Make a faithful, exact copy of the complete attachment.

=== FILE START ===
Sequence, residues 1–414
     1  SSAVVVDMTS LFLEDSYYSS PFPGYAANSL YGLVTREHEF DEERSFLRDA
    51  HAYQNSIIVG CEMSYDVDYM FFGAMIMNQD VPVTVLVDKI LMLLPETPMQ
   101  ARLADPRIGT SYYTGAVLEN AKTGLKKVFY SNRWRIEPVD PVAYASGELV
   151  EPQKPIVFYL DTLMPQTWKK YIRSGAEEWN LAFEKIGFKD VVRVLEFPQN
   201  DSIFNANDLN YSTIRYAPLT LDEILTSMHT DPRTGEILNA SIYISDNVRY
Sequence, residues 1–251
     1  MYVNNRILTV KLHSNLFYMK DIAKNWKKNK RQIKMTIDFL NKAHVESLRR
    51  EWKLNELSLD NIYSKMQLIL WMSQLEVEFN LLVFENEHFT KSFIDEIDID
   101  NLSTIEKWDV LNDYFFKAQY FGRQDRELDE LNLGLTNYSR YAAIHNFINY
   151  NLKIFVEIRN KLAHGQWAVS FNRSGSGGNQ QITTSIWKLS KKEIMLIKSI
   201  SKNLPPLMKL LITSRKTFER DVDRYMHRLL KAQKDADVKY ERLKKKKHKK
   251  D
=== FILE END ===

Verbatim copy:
Sequence, residues 1–414
     1  SSAVVVDMTS LFLEDSYYSS PFPGYAANSL YGLVTREHEF DEERSFLRDA
    51  HAYQNSIIVG CEMSYDVDYM FFGAMIMNQD VPVTVLVDKI LMLLPETPMQ
   101  ARLADPRIGT SYYTGAVLEN AKTGLKKVFY SNRWRIEPVD PVAYASGELV
   151  EPQKPIVFYL DTLMPQTWKK YIRSGAEEWN LAFEKIGFKD VVRVLEFPQN
   201  DSIFNANDLN YSTIRYAPLT LDEILTSMHT DPRTGEILNA SIYISDNVRY
Sequence, residues 1–251
     1  MYVNNRILTV KLHSNLFYMK DIAKNWKKNK RQIKMTIDFL NKAHVESLRR
    51  EWKLNELSLD NIYSKMQLIL WMSQLEVEFN LLVFENEHFT KSFIDEIDID
   101  NLSTIEKWDV LNDYFFKAQY FGRQDRELDE LNLGLTNYSR YAAIHNFINY
   151  NLKIFVEIRN KLAHGQWAVS FNRSGSGGNQ QITTSIWKLS KKEIMLIKSI
   201  SKNLPPLMKL LITSRKTFER DVDRYMHRLL KAQKDADVKY ERLKKKKHKK
   251  D